My first recollection of seeing Guinea fowl was as a very small boy traveling through the Swaziland bushveld by car and colliding with and killing two. To my horror, the carcasses were picked up and thrown onto the floor of the car next to where I was sitting.! Further, they were given to the friends we were visiting who cooked them in a stew. It didn’t seem very sporting to me, but I probably got over my horror and tucked into the stew. There are two species of Guinea Fowl in South Africa: the very common Helmeted Guineafowl, found all over the country and which I am sure everybody knows well: then there is the lesser known CRESTED GUINEA FOWL, found in Northern Kwazulu/Natal, up through Mozambique the east coast. I do not recall having seen this chap in Kruger National Park but he does occur fairly commonly in the regions of Pafuri, Punda Maria and possibly as far South as Nwanedzi. I am told that the Swazi people believe that if a child does not walk it will begin to do so if tickled on the knees with a guineafowl feather. The term MPANGELE seems to be common to several African peoples and refers to the speed at which the birds run and appear to be always in a hurry. Pangela means to wake up in the morning and go to work, so the word is symbolic of human effort at survival The Batswana know guineafowls as kgaka which has to do with effort, so to say ‘gehgaketsi’ it means ‘I am running like a guineafowl to make an effort at something’ The Crested Guineafowl is a sacred bird gifted with protective powers given by the gods: if the bird is in the village it will protect chickens from diseases. It is easily distinguished from the Helmeted by its woolly-like crest of feathers on the top of its head and because there is no red on the head.The Crested is darker than the Helmeted.Why not try your luck out in one of the northern Kwz/Natal Game Parks?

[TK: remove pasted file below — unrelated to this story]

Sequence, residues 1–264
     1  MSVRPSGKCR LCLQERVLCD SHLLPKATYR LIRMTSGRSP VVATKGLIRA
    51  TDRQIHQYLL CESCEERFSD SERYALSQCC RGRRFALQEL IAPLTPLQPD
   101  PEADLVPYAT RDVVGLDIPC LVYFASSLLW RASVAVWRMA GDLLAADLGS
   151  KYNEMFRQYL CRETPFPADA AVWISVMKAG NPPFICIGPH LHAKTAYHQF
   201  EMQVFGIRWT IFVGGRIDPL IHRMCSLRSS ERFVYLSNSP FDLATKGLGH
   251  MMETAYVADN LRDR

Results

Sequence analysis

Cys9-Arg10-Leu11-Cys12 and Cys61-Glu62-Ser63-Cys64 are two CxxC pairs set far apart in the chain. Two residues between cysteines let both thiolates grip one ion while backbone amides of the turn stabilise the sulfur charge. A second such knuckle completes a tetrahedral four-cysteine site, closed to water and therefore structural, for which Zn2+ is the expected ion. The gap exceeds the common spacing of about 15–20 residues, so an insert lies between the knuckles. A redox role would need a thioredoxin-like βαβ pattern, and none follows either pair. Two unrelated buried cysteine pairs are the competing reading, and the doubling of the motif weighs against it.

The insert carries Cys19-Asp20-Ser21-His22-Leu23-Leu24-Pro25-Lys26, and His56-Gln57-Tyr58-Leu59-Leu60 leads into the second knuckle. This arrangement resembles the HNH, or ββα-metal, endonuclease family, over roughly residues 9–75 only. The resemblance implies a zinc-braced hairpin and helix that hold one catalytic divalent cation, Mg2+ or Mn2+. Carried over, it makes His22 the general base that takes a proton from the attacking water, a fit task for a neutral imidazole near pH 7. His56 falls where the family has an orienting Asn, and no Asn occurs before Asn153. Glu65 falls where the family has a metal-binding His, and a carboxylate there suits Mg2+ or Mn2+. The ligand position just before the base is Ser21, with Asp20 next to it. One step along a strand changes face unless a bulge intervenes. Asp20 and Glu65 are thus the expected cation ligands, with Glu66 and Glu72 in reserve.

References: Robert’s Birds of South Africa Credo Mutwa: Wildlife Campus: African Folklore Course